The Debt and the Debt Ceiling Have Virtually Nothing to do with Each Other

by Neil H. Buchanan One of the many, many problems with the current discussion surrounding the Republicans' renewed threats to take us all hostage via the debt ceiling is that it invites everyone to spout off about anything that comes to their minds about debt, deficits, and spending.  These things have virtually (and to be clear, I mean as close as possible to literally ) nothing to do with each other. As I discussed in a column last week, people conflate government shutdowns with a possible debt default, which is also deeply problematic.  What makes the "I'm just gonna say whatever comes into my head about government and money" response especially annoying, however, is that it opens up an unfiltered fire hose of statements based on confused thinking, uninformed priors, and an inability to separate the past from the present.  Please allow me to illustrate.

SCOTUS Leak Investigation and the First Amendment

by Michael C. Dorf Much of the public discussion of the inconclusive Marshal's Report of the investigation into last year's leak of the draft opinion in Dobbs  has focused on a question that raises doubts about its thoroughness and fairness: why were the Justices not subject to the same requirements--such as signing affidavits--as law clerks and other Court personnel? Marshal Gail A. Curley, who headed the investigation, stated in response to this question that she "spoke with each of the Justices, several on multiple occasions" and "followed up on all credible leads, none of which implicated the Justices or their spouses. On this basis, I did not believe that it was necessary to ask the Justices to sign sworn affidavits." Maybe that's all there is to it, but given the status of the Marshal relative to the Justices versus her status relative to other Court personnel, it's also possible that she was predisposed not to push too hard to find leads tha

Only the Current Level of Insanity Could Let Republicans' Tax Policy "Ideas" Fly Under the Radar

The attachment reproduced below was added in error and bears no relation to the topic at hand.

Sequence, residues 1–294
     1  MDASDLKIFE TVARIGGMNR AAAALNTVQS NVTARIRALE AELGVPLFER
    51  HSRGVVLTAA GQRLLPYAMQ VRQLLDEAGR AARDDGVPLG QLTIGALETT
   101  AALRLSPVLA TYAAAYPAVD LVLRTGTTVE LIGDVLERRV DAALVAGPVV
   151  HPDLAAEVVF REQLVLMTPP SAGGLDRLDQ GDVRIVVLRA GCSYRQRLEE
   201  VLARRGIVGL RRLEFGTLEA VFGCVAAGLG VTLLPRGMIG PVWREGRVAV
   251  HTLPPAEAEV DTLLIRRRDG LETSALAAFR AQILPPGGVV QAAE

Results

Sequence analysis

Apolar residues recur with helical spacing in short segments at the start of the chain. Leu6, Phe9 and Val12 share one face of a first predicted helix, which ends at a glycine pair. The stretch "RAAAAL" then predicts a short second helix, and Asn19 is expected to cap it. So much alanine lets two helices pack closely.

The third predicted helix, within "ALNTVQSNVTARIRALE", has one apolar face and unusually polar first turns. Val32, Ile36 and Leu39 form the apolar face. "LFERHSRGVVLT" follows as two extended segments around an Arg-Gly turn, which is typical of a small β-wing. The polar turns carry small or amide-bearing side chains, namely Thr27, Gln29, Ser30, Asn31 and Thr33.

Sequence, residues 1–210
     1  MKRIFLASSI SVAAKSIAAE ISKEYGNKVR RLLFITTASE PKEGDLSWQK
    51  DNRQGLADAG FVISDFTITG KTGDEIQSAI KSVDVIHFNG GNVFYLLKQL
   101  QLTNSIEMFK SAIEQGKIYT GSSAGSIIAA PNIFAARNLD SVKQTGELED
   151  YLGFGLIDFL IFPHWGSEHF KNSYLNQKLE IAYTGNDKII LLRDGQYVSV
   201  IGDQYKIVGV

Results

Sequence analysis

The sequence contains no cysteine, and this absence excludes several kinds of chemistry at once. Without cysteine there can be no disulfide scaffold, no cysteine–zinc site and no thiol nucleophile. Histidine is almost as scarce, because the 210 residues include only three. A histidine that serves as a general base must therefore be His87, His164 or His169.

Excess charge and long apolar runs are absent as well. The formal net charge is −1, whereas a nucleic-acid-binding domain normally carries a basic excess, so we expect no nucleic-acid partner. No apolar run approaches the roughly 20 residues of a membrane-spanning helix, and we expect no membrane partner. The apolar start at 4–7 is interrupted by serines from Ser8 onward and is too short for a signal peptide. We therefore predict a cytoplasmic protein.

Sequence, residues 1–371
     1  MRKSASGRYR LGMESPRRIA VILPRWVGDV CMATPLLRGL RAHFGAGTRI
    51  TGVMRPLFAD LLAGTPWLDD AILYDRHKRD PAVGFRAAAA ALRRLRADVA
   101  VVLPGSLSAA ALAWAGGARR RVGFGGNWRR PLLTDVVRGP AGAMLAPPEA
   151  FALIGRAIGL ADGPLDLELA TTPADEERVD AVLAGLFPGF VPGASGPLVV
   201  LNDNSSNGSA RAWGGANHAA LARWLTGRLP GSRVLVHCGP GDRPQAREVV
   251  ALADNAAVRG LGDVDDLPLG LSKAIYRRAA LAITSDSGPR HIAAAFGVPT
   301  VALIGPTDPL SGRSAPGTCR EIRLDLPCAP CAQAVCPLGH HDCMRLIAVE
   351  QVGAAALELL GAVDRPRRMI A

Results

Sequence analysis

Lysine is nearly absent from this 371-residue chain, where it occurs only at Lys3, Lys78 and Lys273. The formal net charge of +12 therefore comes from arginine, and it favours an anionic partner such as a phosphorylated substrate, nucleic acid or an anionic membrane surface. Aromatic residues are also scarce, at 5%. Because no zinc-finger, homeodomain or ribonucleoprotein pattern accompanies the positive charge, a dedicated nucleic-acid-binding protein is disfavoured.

by Neil H. Buchanan Yesterday, in what I admitted was a rather grumpy column , I waded back into the muck of the debt-ceiling debate.  I made it clear up front that there is nothing important about technically reaching the statutory debt limit this week, because the impending catastrophe will happen only if the Treasury Department exhausts its so-called "extraordinary measures," most likely in late Spring or early Summer.  Even so, it matters how the debate is framed over the coming months, and readers can be assured that both Professor Dorf and I will not be able to avoid writing again and again about the debt ceiling. Today, however, I want to turn to one of the most basic, old-fashioned seitan-and-potatoes political issues out there: taxes.  If the Republicans who are threatening to blow up the global economy by refusing to adjust the debt ceiling were truly interested in "fiscal sanity" of any kind, they would be talking sensibly about taxes and spending.  Inst

It Matters that the Debt Ceiling "Debate" is Being Left to Poseurs

by Neil H. Buchanan References to "Groundhog Day" cannot possibly do justice to the absurdity of the ever-returning debt ceiling madness, but I have not come up with anything better.  Maybe "the 'Groundhog Day' of 'Groundhog Day'"?  No, probably not.  In any event, having recently recovered from another bout of Covid-19, I have had more than enough of repetitive traumas.  But here we are, beginning yet another iteration of debt ceiling inanity. There has been a flurry of public discussion about the debt ceiling in the last couple of weeks, for two related reasons.  First, what we can now accurately call the "hostage-takers' caucus" -- also known as virtually the entire Republican Party -- announced loudly and clearly that they are planning to use their new House majority to threaten to force a US government default unless their demands are met.  It does not matter how slim their majority is, or how often pundits and journalists pretend

Legitimating and Delegitimating Constitutional Theory (cross-posted on Balkinization)